Introduction: Ice Cube Tray Bug Holder
I teach a 9th grade Earth and Environmental Science class. As part of the course, we learn to read the health of a stream. Students are required to look at both the chemical properties and the biological indicators. To determine the health using biological indicators, we search for macroinvertebrates. To help sort our macroinvertebrates, ice cube trays are the perfect tool. They are just the right size for most organisms collected and their white color makes the little buggers easier to identify. If you're interested in assessing the water quality of a stream near you, read on to jump in.
Step 1: What to Look For...
Some organisms have a higher tolerance for pollution than others. If all you find are leeches and mosquito larva, you might want to find a different swimming hole. The biological indicators that you will find in a healthy river ecosystem include mayfly larva, stonefly larva, caddisfly larva, dobsonfly larva, water pennies, and newts. A wide range of these organisms is a good sign. You can find these macroinvertebrates/amphibians by wading into the stream, picking up a rock, and looking closely at the underside. The macroinvertebrates will be clinging to the bottom of the rock to keep from being washed downstream. A good place to look is in a shallow section of the river where the water flows over the rocks quickly (called a riffle). Placing a seine net downstream and turning over rocks just upstream is another way to find larger organisms quickly. You should be able to find and print a key specific to your local waterways.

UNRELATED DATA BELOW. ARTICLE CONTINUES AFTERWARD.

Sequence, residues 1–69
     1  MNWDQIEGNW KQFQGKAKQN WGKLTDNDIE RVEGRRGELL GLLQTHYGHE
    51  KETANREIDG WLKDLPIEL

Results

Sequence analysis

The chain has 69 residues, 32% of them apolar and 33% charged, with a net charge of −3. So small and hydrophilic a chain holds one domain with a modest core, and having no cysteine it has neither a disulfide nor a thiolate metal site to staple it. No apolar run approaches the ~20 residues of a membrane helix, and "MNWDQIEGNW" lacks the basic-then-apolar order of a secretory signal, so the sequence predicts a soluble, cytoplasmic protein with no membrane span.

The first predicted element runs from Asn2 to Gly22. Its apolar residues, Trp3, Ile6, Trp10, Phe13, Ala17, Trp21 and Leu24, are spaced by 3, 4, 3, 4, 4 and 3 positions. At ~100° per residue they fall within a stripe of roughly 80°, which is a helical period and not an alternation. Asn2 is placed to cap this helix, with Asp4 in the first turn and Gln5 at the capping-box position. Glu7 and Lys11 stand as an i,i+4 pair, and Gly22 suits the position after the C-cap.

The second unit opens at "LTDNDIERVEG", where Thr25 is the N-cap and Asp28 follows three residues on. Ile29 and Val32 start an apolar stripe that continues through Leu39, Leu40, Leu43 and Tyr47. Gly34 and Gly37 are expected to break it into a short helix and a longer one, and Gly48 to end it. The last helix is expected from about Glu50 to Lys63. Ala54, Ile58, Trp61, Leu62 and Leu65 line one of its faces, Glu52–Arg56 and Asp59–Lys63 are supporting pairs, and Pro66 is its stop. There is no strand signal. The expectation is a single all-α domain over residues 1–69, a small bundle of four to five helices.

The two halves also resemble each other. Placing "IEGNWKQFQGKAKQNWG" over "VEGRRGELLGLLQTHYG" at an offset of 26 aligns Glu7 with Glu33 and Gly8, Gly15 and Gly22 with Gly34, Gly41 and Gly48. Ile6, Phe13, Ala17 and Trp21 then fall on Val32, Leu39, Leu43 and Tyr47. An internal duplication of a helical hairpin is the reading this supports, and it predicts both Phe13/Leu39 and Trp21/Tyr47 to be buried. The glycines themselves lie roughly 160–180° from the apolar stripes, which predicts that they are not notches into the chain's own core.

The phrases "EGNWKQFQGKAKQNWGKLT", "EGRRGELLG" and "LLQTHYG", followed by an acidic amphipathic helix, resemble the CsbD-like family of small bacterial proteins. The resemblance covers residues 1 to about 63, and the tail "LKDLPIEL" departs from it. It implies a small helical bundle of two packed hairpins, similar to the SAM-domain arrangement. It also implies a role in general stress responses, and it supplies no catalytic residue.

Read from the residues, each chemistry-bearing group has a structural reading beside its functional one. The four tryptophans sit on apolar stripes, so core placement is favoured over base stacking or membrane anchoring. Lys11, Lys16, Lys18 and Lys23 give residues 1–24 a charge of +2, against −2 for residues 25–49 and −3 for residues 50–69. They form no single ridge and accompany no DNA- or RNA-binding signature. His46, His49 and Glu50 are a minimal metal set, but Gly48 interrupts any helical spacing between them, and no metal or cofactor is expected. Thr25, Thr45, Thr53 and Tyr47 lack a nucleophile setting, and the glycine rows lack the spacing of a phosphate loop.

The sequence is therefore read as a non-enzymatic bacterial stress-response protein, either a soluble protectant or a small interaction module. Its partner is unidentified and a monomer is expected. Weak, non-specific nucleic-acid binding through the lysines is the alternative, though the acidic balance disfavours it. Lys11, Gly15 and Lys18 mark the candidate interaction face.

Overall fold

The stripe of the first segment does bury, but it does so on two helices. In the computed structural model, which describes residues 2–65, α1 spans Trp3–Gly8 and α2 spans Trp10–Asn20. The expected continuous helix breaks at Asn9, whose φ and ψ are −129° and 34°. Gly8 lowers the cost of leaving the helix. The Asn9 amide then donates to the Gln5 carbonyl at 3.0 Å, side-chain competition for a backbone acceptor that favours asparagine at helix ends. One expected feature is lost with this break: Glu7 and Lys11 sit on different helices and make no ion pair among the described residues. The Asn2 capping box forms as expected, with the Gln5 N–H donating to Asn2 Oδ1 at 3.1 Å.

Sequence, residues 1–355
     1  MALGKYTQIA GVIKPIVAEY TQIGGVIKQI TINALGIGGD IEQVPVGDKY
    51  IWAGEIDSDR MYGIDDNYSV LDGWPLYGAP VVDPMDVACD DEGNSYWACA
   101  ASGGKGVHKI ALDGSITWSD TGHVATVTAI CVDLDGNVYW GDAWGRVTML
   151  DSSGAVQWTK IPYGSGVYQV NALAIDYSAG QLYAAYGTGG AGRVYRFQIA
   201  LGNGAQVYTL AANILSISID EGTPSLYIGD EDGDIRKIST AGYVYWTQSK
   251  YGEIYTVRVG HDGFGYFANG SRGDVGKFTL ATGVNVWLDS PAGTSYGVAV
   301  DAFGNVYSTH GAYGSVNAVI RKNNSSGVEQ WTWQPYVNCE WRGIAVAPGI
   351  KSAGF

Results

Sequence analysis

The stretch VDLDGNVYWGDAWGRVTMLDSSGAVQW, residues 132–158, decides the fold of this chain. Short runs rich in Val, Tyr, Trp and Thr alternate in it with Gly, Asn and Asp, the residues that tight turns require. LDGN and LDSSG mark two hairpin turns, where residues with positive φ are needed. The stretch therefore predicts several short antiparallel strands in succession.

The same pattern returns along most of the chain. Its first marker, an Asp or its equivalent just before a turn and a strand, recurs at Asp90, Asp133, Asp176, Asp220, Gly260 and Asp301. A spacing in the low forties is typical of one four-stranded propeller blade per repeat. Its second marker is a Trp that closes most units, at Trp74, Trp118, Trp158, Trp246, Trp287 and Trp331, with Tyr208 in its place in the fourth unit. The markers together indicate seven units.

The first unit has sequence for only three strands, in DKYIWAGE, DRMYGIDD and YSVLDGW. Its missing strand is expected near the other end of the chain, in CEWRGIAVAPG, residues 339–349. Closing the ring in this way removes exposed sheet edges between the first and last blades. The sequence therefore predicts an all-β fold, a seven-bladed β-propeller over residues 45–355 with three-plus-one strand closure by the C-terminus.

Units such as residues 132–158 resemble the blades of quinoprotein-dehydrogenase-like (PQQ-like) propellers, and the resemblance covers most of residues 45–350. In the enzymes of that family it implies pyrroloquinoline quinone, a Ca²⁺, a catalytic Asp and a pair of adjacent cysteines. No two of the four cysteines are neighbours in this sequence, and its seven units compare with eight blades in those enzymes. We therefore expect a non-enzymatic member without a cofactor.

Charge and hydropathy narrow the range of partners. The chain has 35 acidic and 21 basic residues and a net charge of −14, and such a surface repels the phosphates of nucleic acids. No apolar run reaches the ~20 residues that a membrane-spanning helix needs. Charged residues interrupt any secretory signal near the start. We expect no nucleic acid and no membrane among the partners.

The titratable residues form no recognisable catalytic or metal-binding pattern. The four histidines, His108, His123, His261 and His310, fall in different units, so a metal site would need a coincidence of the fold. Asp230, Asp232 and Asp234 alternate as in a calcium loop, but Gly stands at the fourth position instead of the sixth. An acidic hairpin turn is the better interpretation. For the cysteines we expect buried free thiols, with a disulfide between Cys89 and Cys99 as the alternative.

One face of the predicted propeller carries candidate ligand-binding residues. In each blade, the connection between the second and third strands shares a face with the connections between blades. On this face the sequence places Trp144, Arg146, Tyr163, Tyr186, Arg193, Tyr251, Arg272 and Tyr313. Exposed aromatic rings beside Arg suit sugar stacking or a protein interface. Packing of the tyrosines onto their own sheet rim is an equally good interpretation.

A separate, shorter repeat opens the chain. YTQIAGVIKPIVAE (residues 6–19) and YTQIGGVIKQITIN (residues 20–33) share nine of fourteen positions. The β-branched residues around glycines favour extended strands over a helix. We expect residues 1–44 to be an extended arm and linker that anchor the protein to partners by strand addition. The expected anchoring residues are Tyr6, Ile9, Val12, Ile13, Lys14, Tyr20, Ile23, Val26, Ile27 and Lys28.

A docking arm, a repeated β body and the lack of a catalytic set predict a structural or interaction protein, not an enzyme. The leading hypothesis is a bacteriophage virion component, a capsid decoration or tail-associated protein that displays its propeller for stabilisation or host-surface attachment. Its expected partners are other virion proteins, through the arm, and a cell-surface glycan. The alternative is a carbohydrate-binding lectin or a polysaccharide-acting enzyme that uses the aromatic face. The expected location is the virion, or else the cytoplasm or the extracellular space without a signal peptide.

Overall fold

Step 2: Some Precautions...
Any time you wade into a river, there are inherent risks. Please use caution and common sense. Fast moving water can be dangerous. Slick rocks, storms upstream, unsure footing... please be careful. At the same time, if you're smart enough to use instructables, you're smart enough to get outside and have fun. Don't forget the ice cube trays. A great example of creative misuse!
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